Simulated CPR Results Show Lack of Force

by Joy Keller on Oct 01, 2007

How long has it been since you’ve practiced your cardiopulmonary resuscitation (CPR) skills? Recent findings show that the majority of people untrained in CPR, and even many trained emergency personnel, do not push with enough force.

The research, detailed in the June issue of Cardiovascular Engineering, tested 104 adults untrained in CPR and 83 trained firefighters. Findings showed that most of the untrained people did not apply enough force, said Leslie Geddes, Purdue University’s Showalter Distinguished Professor Emeritus of Biomedical Engineering, in a press release.

Participants pushed on a bathroom scale, which recorded force, as though they were performing CPR. “All we are trying to establish is how hard people are able to push in a simulated CPR situation,” Geddes said. “You can’t tell from the data how successful they would have been in a real-life situation.” The findings showed that 60% of the CPR-trained rescue personnel pushed with more than 125 pounds of force, whereas more than 60% of those not trained in CPR failed to push with that much force. Pushing with more than 125 pounds, which the American Heart Association recommends, increases the potential for rib fractures; however, chances for survival also increase.

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About the Author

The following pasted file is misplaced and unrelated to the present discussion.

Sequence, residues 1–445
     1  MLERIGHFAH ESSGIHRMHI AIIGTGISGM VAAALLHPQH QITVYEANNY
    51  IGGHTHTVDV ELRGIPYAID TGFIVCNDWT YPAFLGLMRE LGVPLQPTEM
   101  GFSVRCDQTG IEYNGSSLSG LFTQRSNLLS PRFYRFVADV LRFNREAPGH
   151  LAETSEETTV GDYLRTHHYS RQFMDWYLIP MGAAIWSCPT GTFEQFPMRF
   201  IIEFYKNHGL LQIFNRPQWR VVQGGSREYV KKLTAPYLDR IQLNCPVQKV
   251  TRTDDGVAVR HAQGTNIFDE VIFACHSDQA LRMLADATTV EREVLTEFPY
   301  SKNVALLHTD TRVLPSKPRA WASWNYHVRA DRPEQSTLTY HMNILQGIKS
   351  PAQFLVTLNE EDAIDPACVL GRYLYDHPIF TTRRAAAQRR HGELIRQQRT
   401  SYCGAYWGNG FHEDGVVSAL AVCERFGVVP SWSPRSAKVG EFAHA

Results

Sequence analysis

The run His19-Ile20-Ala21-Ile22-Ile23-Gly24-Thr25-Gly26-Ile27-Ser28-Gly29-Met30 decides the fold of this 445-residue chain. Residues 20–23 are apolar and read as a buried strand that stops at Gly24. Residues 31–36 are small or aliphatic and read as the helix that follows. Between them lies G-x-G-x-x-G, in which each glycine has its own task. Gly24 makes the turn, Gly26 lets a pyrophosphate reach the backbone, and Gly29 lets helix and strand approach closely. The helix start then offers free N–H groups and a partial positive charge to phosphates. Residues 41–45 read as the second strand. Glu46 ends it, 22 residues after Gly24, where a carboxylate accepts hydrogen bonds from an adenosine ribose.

Joy Keller

Joy Keller IDEA Author/Presenter

Joy Keller is executive editor of IDEA Fitness Journal and IDEA Fit Business Success, and is also a certified personal trainer, indoor cycling instructor, yoga teacher (RYT 200) and Reiki Master. Joy joined IDEA Health & Fitness Association in 2002, and brought with her a wealth of information about how to fine-tune communication channels, after having spent her formative career years specializing in business-to-business journalism. Before she even graduated with honors from the respected University of Georgia journalism school, Joy was offered a job at one of the most successful trade publishing companies in the southeast, Shore Varrone, Inc. She made her mark in the automotive aftermarket industry as a creative thinker and journalist with an intuitive knack for researching and understanding niche audiences. Joy has worked on several titles, including Auto Trim & Restyling News, Truck Accessory News, Digital Output Magazine, Retail & Construction News, Miata magazine, Ford Racing, and many more. Her passion, however, lies with health and fitness. She was the associate editor of ACE Certified News while working at the American Council on Exercise, and transitioned that publication from a newsletter to a magazine. She has enjoyed 17 years at IDEA, where she has launched several publications, including the award-winning Inner IDEA Body-Mind Spirit Review, IDEA Pilates Today and IDEA Fit Business Success. Joy is a content creator and media 2.0 advocate who takes pride in discovering the unique information needs of qualified audiences, and she is dedicated to serving those needs while following the highest available standards.